An Examination of Race Differences in Patients' Psychological Adjustment to Cancer
- Cite this article as:
- Rodrigue, J.R. Journal of Clinical Psychology in Medical Settings (1997) 4: 271. doi:10.1023/A:1026271431384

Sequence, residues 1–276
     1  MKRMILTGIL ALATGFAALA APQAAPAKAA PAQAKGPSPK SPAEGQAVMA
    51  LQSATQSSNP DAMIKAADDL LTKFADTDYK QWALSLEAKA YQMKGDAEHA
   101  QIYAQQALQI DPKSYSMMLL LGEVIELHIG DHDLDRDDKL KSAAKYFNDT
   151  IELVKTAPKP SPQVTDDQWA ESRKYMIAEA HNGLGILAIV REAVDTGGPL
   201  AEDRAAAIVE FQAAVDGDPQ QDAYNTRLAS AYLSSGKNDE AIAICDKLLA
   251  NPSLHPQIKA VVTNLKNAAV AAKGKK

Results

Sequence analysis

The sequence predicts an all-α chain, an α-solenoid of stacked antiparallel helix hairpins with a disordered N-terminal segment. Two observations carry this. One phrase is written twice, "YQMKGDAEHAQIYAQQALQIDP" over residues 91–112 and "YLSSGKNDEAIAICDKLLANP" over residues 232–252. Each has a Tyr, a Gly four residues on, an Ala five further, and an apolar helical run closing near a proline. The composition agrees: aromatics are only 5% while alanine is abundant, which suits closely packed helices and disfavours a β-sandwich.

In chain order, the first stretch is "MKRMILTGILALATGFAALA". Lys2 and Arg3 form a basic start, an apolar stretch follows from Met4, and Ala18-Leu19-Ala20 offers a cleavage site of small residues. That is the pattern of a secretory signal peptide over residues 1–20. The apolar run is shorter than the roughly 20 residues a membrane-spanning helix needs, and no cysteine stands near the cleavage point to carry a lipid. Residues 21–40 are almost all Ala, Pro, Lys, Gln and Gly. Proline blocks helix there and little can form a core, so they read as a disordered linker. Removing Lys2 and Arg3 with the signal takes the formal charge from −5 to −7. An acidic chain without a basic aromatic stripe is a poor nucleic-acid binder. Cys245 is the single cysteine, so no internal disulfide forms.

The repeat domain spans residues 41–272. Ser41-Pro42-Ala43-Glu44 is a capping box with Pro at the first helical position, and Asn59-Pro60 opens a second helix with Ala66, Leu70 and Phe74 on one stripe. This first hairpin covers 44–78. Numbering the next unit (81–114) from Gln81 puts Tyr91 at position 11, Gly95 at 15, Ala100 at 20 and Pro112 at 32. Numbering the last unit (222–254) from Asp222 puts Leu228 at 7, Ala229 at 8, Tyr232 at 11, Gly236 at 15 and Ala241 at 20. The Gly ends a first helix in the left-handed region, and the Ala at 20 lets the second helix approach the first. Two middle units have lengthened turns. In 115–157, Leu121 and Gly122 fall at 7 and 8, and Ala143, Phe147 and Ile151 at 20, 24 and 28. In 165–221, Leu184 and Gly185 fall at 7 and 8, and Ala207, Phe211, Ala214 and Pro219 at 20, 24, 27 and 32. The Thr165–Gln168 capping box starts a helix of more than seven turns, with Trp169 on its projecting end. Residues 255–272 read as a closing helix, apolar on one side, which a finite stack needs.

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Although African Americans are at increased risk of cancer morbidity and mortality, very little is known about their psychological adjustment. African American males may be at especially high psychological risk, considering their disproportionately higher cancer mortality. Subjects were 42 African American and 56 White adults similar in age, cancer stage, marital status, and socioeconomic status. Analyses revealed no significant race or gender effects on global indices of psychological adjustment, depression, or anxiety. However, African Americans were more likely than Whites (a) to use avoidant coping strategies in dealing with the exigencies of their illness, (b) to report more cancer-related disruption in family relations, and (c) to identify fewer individuals in their social support network. No significant race differences were found on a measure of health care satisfaction. These findings highlight the need to provide a more comprehensive examination of individual, family, and socioecological variables and their relationship to psychological adaptation among minorities with cancer.